Browning helps Uncle Sam fight the Great War.

The most famous image of WWI was this American recruiting poster by illustrator James Montgomery Flagg, who also served as the model for the painting. Photo by Wikipedia.

It was 100 years ago this week that America entered World War I. April 6, 1917.

In its time, it was called the Great War. The War to End All Wars. And ultimately, history came to call it World War I. And it was 100 years ago this week that the U.S. Congress formally declared that a state of war existed between the United States and the German Empire and her allies which formed the Central Powers.

The hostilities began in Europe in the summer of 1914 following the assassination of Archduke Franz Ferdinand, the presumptive heir to the throne of the Austro-Hungarian Empire, in the city of Sarajevo. In short order, due to an extensive network of mutual defense treaties virtually every European nation, kingdom and empire was in armed conflict. In turn, as many of these European political entities had colonial holdings in Africa, Asia and the Pacific, the war took on a global character.

The loss of life in these early battles was beyond the human comprehension of the time. Modern technology had evolved faster than battlefield tactics. This was the first conflict to see extensive use of the airplane, the submarine, the tank, poison gas, radio communications and other technical innovations.

President Woodrow Wilson. Photo by

The front page of the New York Times from April 6, 1917 reports on the American declaration of war. NYT photo.

Wilson asked the US Congress to declare war to “…make the world safe for democracy…"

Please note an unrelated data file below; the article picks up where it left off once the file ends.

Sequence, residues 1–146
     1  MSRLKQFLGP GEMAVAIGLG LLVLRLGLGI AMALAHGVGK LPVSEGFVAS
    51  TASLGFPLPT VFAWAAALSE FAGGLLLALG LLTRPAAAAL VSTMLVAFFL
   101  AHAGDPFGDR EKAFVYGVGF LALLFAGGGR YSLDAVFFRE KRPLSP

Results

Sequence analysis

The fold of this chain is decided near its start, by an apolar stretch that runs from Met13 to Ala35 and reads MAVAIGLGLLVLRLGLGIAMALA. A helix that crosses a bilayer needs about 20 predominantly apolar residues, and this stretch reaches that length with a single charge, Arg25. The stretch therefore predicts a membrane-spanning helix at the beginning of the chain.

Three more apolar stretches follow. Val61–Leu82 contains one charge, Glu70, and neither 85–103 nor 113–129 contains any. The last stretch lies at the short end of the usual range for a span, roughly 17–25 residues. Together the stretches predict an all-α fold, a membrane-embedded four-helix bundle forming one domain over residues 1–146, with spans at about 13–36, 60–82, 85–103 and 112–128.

America steadfastly attempted to steer clear of the conflict while trying to maintain its lucrative commercial trade with many of the belligerent nations. President Woodrow Wilson, our 28th president, was first elected in 1912, while an ardent internationalist, kept to a policy of fairness and neutrality.

However, as the battles raged on in Europe and on the high seas it was inevitable that American lives would be placed at risk. A number of US lives were lost on civilian passenger ships sunk by German U-boats, including the 1915 attack on the RMS Lusitania in which 128 American passengers were killed, which in turn soured domestic public opinion toward the entire conflict.

Wilson, running on a platform of keeping the US out of war, was re-elected in 1916. However, Wilson made an abrupt about face when Germany announced the resumption of unrestricted submarine warfare in the Atlantic. On April 2, 1917, Wilson asked the US Congress to declare war on Germany on order to “…make the world safe for democracy.” After four days of heated debate, Congress issued their declaration. American joined the battle on the side of Britain and her allies.

Lt. Val A. Browning, son of the famous inventor training troops in France.

The Browning family steps up to help in the war effort.

It was during this period that American industry in general, and her arms makers in particular, would make huge contributions to the war effort. Foremost among these contributions would be those of John M. Browning. His then new Model 1911 automatic pistol would receive it’s baptism by fire, and he would invent his famous Browning Automatic Rifle, the legendary BAR, and introduce his .30 and .50 caliber Browning Machine Guns.

Read more about some of his designs used in WWI.

Lt. Val A. Browning, son of the famous inventor displays the Browning BAR. Browning archives photo.

Copyright Browning, 2017. Written by Browning staff writer Scott Engen. Photos copyright by Browning, from Browning company archives (used with permission) in the public domain or as indicated in the caption.